Fluoride Action Network

Statement From Dr. Arlene King, Chief Medical Officer of Health for Ontario

Source: Health Bulletins - Drinking Water Fluoridation | April 4th, 2011 | Ontario Ministry of Health and Long Term Care
Location: Canada, Ontario

As Chief Medical Officer of Health for Ontario, I am very concerned about the loss of fluoridated drinking water in certain communities in spite of consistent evidence that water fluoridation is safe and effective.

Support for Water Fluoridation

More than 90 national and international professional health organizations, including Health Canada, the Canadian Public Health Association, the Public Health Agency of Canada, the Canadian Dental Association, the Canadian Medical Association, the U.S. Centers for Disease Control and Prevention (CDC) and the World Health Organization, have endorsed the use of fluoride at recommended levels to prevent tooth decay.

In fact, the use of fluoride in drinking water has been called one of the greatest public health achievements of the 20th century by the CDC.

Benefits of Water Fluoridation

Combats Tooth Decay

The benefits of water fluoridation are well documented. According to expert research, fluoridated drinking water reduces the number of cavities in children’s teeth, which contributes to their healthy development. Reductions of tooth decay have also been observed in adults and seniors who reside in communities with fluoridated water. Even with other sources of fluoride available today, the American Dental Association estimates that water fluoridation continues to be effective in reducing tooth decay by 20-40 per cent.

Conversely, removing fluoride from drinking water systems has the potential to contribute to increased rates of tooth decay. The findings of several studies, including from the CDC, suggest that tooth decay generally increases in a population after water fluoridation is discontinued. In addition, a 2007 report on water fluoridation by the Institut National de Santé Publique du Quebec reveals that the percentage of kindergarten children at high risk of developing tooth decay in Dorval, Quebec doubled in the two year period after water fluoridation was halted in 2003.

Reduces Dental Care Expenditures and Inequalities in Health

Water fluoridation also has the capacity to help reduce dental care expenditures. The Ontario Dental Association has stated that the cost of waiting until tooth decay has manifested is significantly higher than the cost of preventing it in the first place. The CDC estimates $38 in avoided costs for dental treatment for every $1 invested in community water fluoridation. With the fluoridation of drinking water playing an important role in the overall promotion of good oral health and prevention of dental decay, I am concerned that removing it from drinking water may put a strain on, and impact the success of, important provincial programs such as the Children in Need of Treatment Program and Healthy Smiles Ontario – both developed to benefit those least able to afford dental services.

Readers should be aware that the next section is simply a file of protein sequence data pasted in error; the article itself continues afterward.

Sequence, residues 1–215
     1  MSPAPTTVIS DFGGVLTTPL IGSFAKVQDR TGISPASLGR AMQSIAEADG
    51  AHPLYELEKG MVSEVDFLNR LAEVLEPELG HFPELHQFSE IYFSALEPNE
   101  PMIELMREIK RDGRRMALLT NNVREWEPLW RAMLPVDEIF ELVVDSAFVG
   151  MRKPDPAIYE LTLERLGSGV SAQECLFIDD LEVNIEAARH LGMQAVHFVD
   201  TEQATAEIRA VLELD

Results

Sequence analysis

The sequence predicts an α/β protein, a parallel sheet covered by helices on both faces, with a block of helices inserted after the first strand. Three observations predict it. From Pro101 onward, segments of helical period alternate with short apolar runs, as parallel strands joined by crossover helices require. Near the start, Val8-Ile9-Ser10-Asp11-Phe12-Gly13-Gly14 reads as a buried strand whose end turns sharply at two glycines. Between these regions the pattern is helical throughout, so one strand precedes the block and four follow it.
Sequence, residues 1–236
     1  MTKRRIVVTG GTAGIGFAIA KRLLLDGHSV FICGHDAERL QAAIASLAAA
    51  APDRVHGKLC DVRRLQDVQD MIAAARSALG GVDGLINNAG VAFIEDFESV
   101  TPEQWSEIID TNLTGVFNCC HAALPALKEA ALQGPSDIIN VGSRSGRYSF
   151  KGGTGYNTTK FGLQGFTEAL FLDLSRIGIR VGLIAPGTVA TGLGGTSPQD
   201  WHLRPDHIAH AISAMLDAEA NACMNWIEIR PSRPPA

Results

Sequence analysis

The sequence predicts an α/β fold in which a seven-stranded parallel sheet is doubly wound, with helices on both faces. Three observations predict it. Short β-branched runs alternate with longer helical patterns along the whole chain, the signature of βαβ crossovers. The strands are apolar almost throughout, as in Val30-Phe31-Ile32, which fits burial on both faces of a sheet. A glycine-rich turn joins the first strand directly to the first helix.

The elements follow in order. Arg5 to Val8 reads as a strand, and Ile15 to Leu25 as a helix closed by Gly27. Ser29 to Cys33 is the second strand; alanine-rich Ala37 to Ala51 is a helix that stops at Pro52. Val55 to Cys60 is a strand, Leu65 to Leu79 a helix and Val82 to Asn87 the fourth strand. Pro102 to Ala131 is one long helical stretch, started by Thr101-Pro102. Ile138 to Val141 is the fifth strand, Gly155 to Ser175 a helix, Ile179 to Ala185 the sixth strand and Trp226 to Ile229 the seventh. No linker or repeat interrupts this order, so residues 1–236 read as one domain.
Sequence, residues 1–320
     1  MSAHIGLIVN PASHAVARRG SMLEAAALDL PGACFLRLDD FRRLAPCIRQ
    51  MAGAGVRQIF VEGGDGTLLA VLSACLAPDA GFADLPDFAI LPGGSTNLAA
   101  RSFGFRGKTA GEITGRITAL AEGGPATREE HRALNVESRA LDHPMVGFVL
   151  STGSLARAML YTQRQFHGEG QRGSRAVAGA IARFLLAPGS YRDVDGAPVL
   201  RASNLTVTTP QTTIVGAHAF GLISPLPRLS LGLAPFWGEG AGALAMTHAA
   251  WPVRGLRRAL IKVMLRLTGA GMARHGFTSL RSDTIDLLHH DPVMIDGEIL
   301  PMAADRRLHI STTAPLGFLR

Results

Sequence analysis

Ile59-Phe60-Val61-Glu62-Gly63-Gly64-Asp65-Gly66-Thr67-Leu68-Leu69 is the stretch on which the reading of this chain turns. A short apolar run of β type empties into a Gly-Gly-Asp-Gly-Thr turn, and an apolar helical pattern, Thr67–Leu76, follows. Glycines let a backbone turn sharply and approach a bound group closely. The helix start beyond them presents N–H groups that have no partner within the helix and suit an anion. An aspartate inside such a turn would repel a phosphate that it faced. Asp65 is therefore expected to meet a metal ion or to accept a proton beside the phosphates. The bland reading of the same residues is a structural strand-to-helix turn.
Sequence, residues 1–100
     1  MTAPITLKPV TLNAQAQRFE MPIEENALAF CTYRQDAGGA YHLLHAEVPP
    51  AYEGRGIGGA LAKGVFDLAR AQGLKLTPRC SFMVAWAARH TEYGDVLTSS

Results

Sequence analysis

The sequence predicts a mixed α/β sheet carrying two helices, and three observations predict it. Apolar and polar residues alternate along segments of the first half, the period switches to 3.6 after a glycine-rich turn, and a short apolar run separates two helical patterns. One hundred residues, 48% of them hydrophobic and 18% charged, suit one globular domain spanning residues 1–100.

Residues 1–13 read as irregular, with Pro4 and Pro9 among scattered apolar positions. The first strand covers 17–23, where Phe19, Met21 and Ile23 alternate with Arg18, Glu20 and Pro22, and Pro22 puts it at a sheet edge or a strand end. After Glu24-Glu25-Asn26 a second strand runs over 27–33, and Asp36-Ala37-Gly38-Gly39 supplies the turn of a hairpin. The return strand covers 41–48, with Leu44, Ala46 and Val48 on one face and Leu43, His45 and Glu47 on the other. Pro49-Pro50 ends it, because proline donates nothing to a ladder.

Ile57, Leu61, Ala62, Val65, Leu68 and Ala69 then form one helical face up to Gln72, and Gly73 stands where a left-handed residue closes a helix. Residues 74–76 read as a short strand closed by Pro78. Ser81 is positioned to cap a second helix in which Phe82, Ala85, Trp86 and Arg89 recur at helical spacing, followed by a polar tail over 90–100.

And indeed, removing fluoride from drinking water will place those least able to afford or access dental treatment at an increased risk for oral health problems. The health benefits of drinking water fluoridation extend to all residents in a community, regardless of age, socioeconomic status, education or employment.

Safety of Fluoridated Drinking Water

Fluoride in drinking water is also safe. In Ontario, fluoride additives are required to meet rigorous standards of quality and purity before they can be used. When they are added to water at levels recommended in Ontario and across the country, studies have not linked fluoride to cancer, bone fractures or intelligence levels. Studies have also found that water fluoridation is safe for the environment, and poses no risk to plants and animals.

In addition, most dental fluorosis, a condition that occurs when a child receives too much fluoride during tooth development, is mild and appears as white stains on the teeth. In this mildest form, fluorosis may affect the look of a tooth, but will not affect its function. While moderate or severe fluorosis does occur, the Canadian Health Measures Survey: Oral Health Statistics 2007-2009 concludes that, “[so] few Canadian children have moderate or severe fluorosis that, even combined, the prevalence is too low to permit reporting. This finding provides validation that dental fluorosis remains an issue of low concern in this country.

Good Oral Health Means Good Overall Health

The importance of maintaining good oral health should not be taken lightly – it is an important part of being healthy overall. As tooth decay is the single most common chronic disease among Canadians of all ages and poor oral health is linked to diabetes, heart disease and respiratory conditions, water fluoridation is, and must be recognized as, a very important public health measure.

An estimated 70 per cent of Ontarians currently have access to water that is fluoridated, and I would urge all Ontarians to continue to support the fluoridation of their municipal drinking water systems so that everyone can enjoy the lasting health benefits.

Members of the media:
Julie Rosenberg
Ministry of Health Promotion and Sport